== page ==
An example where such issues spring up is machine learning, where large libraries have to be shared across various functions used to process test, validation and training datasets. AWS provides Lambda layers in an attempt to offer some resolution, but this may not always be the ideal solution.
In most cases, the need to share code libraries and logic was not only an anti-pattern, but also a technical limit on serverless functions. For example, AWS Lambda functions have a hard limit of 512MB on /tmp storage. That means that when developers are building their AWS Lambda functions code, one must always be aware of this limit.
AWS recently solved this problem with the release of a much-coveted Amazon EFS and AWS Lambda integration. This new integration allows functions to access a shared library or data, via an integrated Amazon EFS instance. Nevertheless, this does not justify making functions dependent on one another. Just because something is now achievable does not mean it is the most effective solution, considering the risk resulting from the anti-pattern mentioned above.
What Should You Observe?
If sharing information and coupling of serverless functions was intended and no preventive measure would resolve the issue. In this case it becomes imperative to measure the effects of such an architectural set-up. Cold starts especially is a metric to measure, as the operation of one function may depend on another due to coupling. If one of the functions experiences latency due to cold starts, it may have a ripple effect on all other coupled functions.
Overall the entire architecture should be mapped. Both AWS and Thundra can provide an overview of your cloud architecture. Awareness of how cloud architecture is being built is the only manner in which the issue can be effectively avoided.
Building upon the notion of breaking large compact business cases into smaller independent functions, there is a possibility of reaching a level of granularity that eventually proves detrimental. It is clear that as a push towards breaking down the business logic to individual functions reaches a certain point, the overhead negates the benefits. The need for communicating events between individual functions leads to thinking about webhooks and APIs. Therefore, an increase in the engineering efforts, security risks, and latency. As the number of functions scales, these concerns are multiplied.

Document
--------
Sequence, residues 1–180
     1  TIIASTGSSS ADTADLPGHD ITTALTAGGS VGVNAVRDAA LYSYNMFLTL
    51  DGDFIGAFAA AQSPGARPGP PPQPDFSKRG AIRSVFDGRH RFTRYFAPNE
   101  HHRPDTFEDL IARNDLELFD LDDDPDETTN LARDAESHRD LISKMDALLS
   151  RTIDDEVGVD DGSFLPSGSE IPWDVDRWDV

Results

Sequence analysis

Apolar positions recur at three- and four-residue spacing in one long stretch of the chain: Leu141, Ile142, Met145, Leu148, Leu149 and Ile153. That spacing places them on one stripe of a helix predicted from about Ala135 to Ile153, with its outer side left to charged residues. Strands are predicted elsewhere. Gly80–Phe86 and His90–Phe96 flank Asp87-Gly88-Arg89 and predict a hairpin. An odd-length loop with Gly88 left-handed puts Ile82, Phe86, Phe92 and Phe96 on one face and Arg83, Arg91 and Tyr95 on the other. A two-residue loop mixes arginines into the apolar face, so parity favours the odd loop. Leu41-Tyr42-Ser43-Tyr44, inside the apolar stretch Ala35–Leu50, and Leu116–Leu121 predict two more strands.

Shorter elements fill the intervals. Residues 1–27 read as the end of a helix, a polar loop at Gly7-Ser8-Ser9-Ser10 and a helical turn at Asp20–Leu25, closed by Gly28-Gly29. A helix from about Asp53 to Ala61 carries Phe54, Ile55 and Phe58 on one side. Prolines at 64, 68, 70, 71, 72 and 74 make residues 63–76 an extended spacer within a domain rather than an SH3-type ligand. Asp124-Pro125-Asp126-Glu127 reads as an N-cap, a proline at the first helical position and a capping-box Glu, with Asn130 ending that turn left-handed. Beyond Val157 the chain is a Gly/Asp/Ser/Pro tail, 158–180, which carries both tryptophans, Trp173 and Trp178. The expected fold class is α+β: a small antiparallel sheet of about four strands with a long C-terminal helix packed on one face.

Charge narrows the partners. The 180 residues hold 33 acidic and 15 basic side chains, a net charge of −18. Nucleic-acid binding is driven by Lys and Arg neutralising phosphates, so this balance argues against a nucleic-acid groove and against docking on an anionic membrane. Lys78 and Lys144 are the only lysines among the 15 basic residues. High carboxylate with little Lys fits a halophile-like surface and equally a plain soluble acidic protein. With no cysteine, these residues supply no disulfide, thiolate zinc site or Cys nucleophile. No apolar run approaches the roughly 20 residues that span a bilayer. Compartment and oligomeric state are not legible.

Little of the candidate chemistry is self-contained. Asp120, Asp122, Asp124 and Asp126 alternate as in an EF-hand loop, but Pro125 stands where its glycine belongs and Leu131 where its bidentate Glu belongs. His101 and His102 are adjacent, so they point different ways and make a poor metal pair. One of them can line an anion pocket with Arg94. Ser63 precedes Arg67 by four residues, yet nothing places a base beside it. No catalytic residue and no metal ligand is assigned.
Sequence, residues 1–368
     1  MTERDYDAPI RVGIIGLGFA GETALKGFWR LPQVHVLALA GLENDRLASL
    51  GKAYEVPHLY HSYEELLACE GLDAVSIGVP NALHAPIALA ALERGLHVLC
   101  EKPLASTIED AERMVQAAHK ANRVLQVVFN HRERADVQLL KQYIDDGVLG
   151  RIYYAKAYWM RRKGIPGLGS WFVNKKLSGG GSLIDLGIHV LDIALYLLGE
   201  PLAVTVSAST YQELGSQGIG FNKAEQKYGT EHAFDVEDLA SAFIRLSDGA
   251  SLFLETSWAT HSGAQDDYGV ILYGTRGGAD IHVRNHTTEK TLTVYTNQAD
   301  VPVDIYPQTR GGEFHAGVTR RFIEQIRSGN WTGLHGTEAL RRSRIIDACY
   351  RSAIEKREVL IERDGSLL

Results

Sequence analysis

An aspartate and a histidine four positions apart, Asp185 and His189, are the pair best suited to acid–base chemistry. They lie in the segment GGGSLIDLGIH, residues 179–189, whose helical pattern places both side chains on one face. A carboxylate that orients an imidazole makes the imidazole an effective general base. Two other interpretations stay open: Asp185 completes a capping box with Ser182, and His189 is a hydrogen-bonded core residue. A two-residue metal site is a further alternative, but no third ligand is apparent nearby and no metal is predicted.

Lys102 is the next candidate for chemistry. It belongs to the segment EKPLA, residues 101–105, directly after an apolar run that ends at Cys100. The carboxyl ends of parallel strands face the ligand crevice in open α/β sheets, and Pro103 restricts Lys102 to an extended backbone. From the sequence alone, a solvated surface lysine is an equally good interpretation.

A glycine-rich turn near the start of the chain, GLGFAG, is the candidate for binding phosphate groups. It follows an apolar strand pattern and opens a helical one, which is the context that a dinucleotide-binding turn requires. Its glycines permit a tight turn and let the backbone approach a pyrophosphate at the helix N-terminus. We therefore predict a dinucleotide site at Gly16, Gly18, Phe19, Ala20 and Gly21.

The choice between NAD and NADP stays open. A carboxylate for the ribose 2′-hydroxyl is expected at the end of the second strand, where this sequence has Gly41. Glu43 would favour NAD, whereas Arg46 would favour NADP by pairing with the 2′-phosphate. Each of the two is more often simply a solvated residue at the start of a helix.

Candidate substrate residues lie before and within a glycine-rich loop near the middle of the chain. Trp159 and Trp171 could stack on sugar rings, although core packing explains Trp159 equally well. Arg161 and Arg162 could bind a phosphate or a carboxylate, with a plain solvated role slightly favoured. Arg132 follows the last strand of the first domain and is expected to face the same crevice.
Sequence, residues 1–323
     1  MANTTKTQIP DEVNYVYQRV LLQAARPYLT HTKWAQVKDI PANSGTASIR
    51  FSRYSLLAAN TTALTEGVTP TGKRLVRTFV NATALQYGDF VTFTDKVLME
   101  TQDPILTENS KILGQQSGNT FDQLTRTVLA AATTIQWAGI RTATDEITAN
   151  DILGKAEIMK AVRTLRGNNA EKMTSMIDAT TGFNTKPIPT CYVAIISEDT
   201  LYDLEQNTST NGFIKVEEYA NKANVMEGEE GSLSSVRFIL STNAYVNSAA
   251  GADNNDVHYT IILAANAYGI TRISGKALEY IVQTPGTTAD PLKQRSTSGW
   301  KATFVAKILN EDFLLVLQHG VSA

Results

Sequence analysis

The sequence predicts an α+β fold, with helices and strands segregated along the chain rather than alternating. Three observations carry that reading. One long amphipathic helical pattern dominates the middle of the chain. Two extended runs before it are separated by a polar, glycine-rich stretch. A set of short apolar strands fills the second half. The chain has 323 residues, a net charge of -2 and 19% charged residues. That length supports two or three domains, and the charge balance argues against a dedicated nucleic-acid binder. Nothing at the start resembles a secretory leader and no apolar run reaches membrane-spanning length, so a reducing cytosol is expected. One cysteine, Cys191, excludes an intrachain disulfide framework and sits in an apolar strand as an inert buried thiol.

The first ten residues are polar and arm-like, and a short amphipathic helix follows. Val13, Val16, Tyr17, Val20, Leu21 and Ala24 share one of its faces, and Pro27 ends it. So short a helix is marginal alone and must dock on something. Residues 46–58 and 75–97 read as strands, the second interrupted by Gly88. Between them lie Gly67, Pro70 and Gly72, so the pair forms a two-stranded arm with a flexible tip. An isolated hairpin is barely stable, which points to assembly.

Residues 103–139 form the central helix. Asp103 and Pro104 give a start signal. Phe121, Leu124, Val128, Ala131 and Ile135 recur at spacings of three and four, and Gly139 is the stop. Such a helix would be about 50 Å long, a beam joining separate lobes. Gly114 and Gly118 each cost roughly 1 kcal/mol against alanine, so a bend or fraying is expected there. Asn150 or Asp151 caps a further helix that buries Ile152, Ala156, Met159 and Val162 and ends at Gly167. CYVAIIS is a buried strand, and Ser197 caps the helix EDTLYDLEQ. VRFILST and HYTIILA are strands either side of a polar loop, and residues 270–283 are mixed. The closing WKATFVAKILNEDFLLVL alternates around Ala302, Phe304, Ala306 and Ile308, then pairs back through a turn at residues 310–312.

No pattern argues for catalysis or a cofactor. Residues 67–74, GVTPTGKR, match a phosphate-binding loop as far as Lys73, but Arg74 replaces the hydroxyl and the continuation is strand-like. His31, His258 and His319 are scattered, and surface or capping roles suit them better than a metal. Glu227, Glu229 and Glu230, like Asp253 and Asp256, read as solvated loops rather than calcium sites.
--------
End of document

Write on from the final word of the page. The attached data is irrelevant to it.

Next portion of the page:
What Should You Observe?
Architectures in general can get extremely complicated as your system grows. Therefore, the first thing to definitely go for is a map of your distributed system architecture as you begin to adopt serverless.
Another sign of overly granular architectures is when serverless functions become overly chatty. The major overhead of a granular architecture is communication and that is what should be avoided. Communication overhead and unnecessary calls to AWS Lambda functions mean more engineering complexity and potentially higher costs. Therefore, it would be beneficial to check for costs and total invocation count.
It is also recommended to dive deeper into invocations and keep track of triggering components. If it is noted that one Lambda function is constantly being triggered by the same triggering Lambda function a substantially high number of times, then maybe merging the two Lambda functions can be considered.
Additionally, as mentioned, the move from monolith to microservices and eventually a pure serverless distributed architecture results in the need for communication infrastructure. It therefore becomes necessary to monitor the payload of data being sent between these communication channels.
In conclusion, serverless is booming — but it doesn’t come without its own pitfalls. There are various best practices to avoid anti-patterns, however the ultimate solution is to couple these best practices with a strong tendency for observability. Those adopting the technology need to be aware of not only the anti-patterns that are possible, but what to monitor if they do find a way into the system architecture.
Observability is still a maturing field, and cloud vendors are now heeding the call. However, inbuilt monitoring solutions still do not fulfill the overall needs and offer only basic observability. In achieving true observability according to the three pillars of “metrics”, “traces” and “logs”, it would be advisable to look towards a third-party monitoring tool specialized for the job.
Amazon Web Services is a sponsor of The New Stack.
Feature image via Pixabay.